In-nifs li nieħdu

Meta, riċentment, kienu intervistati mill-medja lokali Uffiċjali tal-Awtoritá tal-Ambjent u r-Riżorsi (ERA), ikkonfermaw dak li ilna nafu għal żmien konsiderevoli: it-tniġġiż tal-arja f’Malta hu prinċipalament ikkawżat mill-mezzi tat-trasport. Triq Sant’Anna fil-Furjana hi l-iktar triq bl-arja mniġġsa f’Malta filwaqt li mhux ‘il-bogħod li l-kwalitá tal-arja tal-Imsida teċċedi dak permissibli mir-regolamenti tal-Unjoni Ewropea dwar il-kwalitá tal-arja.

Hu ovvju li l-ħtija ewlenija għal dan hi ġejja min-numru ta’ karozzi fit-toroq tagħna. Gvern wara l-ieħor dejjem qagħda lura milli jindirizza l-problema bis-serjetá. Dejjem iduru mal-lewża: jindirizzaw il-konsegwenzi mingħajr il-kuraġġ li jiffukaw fuq il-kawża.
Is-soluzzjoni qegħda billi jonqos in-numru tal-karozzi fit-toroq tagħna kif ukoll li simultanjament titjieb il-kwalitá tal-karozzi li jibqgħu.

Waqt il-kampanja elettorali tal-2017 f’Malta, Alternattiva Demokratika ipproponiet li fi żmien 20 sena l-karozzi kollha fit-toroq tagħna jkunu jaħdmu bl-elettriku. Din il-proposta tfisser li fuq perjodu ta’ mhux iktar minn għoxrin sena ma jkollniex iktar karozzi li jaħdmu bil-petrol jew bid-disil fit-toroq tagħna. B’hekk, bla dubju, it-tniġġiż tal-arja, jonqos drastikament.

Din il-proposta ta’ Alternattiva Demokratika kienet għoġbot lil Joseph Muscat li f’ Settembru 2017, f’waħda mill-prietki tiegħu ta’ nhar ta’ Ħadd kien tkellem favur tagħha. Imma ma smajna xejn iktar dwarha minn dakinnhar!

Billi l-vjaġġi li nagħmlu bil-karozzi tagħna fil-parti l-kbira tagħhom idumu inqas minn ħmistax-il minuta hu ħafna possibli li n-numru ta’ karozzi fit-toroq tagħna jonqos. Dan faċilment jinftiehem għax għal dawn id-distanzi qosra hawn diversi mezzi alternattivi li jassiguraw mobilitá effiċjenti.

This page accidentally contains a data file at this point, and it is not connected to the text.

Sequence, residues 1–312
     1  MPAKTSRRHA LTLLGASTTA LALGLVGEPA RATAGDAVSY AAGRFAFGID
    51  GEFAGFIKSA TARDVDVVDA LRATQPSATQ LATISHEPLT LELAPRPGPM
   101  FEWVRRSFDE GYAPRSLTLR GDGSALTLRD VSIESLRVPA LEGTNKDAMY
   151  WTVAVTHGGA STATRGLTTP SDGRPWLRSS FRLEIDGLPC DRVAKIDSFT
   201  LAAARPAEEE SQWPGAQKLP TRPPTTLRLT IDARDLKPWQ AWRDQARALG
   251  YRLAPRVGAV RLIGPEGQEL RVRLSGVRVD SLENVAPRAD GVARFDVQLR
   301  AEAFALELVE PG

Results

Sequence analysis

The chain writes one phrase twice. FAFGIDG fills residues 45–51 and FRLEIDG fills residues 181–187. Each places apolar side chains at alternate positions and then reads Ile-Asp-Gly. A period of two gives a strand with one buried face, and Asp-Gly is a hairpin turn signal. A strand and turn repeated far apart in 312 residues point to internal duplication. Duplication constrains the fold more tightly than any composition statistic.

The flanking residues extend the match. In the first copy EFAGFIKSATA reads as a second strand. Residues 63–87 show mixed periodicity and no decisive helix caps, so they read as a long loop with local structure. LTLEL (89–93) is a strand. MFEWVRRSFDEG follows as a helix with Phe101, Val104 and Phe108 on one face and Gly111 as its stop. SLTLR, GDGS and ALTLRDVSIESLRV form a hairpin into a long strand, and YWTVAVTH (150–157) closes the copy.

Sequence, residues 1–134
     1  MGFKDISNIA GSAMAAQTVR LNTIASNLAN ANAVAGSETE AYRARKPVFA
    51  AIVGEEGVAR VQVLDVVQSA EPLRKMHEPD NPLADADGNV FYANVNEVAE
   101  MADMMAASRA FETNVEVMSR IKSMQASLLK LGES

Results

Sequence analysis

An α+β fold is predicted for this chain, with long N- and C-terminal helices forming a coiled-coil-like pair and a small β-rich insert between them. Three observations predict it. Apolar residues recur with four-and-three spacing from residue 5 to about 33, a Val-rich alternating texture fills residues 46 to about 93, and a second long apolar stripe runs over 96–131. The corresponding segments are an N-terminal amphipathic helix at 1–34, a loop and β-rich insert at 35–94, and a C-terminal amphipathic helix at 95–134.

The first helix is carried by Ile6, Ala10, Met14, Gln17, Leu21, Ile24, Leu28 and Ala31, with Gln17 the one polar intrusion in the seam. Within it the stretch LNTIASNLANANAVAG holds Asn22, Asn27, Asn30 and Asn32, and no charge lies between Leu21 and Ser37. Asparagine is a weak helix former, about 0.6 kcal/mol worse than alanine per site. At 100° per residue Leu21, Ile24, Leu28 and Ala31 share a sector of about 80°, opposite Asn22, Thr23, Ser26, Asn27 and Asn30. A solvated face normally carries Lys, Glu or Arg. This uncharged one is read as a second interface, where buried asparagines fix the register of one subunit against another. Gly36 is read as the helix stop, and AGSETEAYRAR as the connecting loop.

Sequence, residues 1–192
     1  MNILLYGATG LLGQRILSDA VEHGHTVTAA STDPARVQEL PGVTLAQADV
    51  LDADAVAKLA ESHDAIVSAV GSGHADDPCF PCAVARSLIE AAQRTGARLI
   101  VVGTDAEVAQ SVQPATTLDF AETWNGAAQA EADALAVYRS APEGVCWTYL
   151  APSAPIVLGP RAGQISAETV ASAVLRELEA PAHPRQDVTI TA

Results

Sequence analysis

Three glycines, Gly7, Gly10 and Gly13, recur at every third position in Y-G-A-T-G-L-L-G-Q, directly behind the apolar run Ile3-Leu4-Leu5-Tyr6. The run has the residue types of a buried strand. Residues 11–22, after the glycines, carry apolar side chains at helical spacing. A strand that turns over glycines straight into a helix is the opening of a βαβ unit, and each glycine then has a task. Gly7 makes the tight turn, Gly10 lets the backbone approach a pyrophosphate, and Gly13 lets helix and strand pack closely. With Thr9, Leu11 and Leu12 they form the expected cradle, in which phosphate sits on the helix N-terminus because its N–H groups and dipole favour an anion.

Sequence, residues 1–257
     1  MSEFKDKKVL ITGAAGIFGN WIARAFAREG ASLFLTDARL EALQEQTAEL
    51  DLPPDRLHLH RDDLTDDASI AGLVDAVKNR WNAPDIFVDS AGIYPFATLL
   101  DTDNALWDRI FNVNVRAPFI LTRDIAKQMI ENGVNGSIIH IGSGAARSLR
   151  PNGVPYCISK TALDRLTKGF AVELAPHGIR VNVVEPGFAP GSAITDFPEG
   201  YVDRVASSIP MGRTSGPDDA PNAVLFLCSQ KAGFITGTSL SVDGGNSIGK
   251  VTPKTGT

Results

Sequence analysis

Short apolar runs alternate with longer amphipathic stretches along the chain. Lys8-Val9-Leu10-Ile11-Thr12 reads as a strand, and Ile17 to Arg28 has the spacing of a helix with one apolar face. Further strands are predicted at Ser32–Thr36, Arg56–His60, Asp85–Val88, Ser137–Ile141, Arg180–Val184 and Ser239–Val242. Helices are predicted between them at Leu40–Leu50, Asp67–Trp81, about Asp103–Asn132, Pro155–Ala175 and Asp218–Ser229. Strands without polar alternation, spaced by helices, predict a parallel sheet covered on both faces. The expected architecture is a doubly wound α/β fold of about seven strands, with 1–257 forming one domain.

Jonqos biss ħaġa waħda: ma hawnx rieda politika biex jittieħdu d-deċiżjonijiet meħtieġa.

Il-Furjana, minn barra li għandha t-triq bl-iktar arja mniġġsa f’Malta trid tiffaċċja ukoll l-emissjonijiet tal-vapuri tal-passiġġieri (cruise liners), li, skond id-direzzjoni tar-riħ, iktar iva milli le, jonfħu d-dħaħen tagħhom direttament għal ġoż-żona residenzjali tal-Furjana. Din hi problema li f’miżura inqas hi ffaċċjata ukoll minn Birżebbuġa bħala riżultat tal-moviment tal-vapuri fil-Port Ħieles.

Il-vapuri suppost li jaqilbu l-magni tagħhom fuq żjut u fjuwil li jniġġes inqas hekk kif jidħlu fil-port. Din hi materja li hi regolata minn diversi direttivi tal-Unjoni Ewropeja. Id-diffikultá, bħal dejjem, hi, li l-infurzar tal-liġijiet ftit li xejn ikun osservat.

Teoretikament teżisti soluzzjoni oħra biex ikun ikkontrollat u jonqos sostanzjalment it-tniġġiż mill-vapuri ġaladarba dawn jkunu siguri fil-port. Jista’ jkun possibli li jagħmlu użu minn sors elettriku li joriġina mill-art flok mill-ġeneraturi tal-elettriku fuq il-vapuri.

Lokalment diġa tħejjew żewġ studji preliminari dwar dan: wieħed jiffoka fuq il-Port il-Kbir u l-ieħor fuq it-Terminal tal-Port Ħieles f’Birżebbuġa. Dawn l-istudji saru kif ġie inkoraġġit li jsir mir-rakkomandazzjoni tal-Kummissjoni Ewropea dwar il-promozzjoni tal-użu ta’ elettriku mill-art mill-vapuri fil-portijiet tal-Unjoni Ewropea.

Rakkomandazzjoni li saret fl-2006.

Dawn l-istudji jaslu għal konklużjonijiet simili fis-sens li ma jistax iseħħ progress bħala riżultat ta’ azzjoni unilaterali f’portijiet individwali. L-azzjoni u d-deċiżjonijiet jeħtieġ li jittieħdu fuq livell tal-industrija tal-vapuri u trid tkun misjuqa internazzjonalment jew mill-Unjoni Ewropea.

Huwa magħruf li huma biss il-vapuri li jbaħħru lejn l-istat Amerikan ta’ Kalifornja li għandhom il-kapaċita teknika li jutilizzaw l-elettriku ġġenerat fuq l-art. Dan minħabba li l-Kalifornja għandha liġijiet li tobbliga li dan isir.

Ir-rakkomandazzjoni tal-2006 tal-Unjoni Ewropea ħejjiet it-triq biex saru numru ta’ studji dwar diversi portijiet tal-Unjoni dwar kemm jagħmel sens ekonomiku li fejn hemm portijiet viċin ħafna ta’ żoni residenzjali jitfu l-magni tagħhom u jagħmlu użu tal-elettriku mill-art. Nistgħu biss nittamaw li dawn l-istudji jittieħdu in konsiderazzjoni meta titfassal t-triq il-quddiem.

Ippubblikat fuq Illum : Il-Ħadd 22 ta’ Lulju 2018

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The air we breathe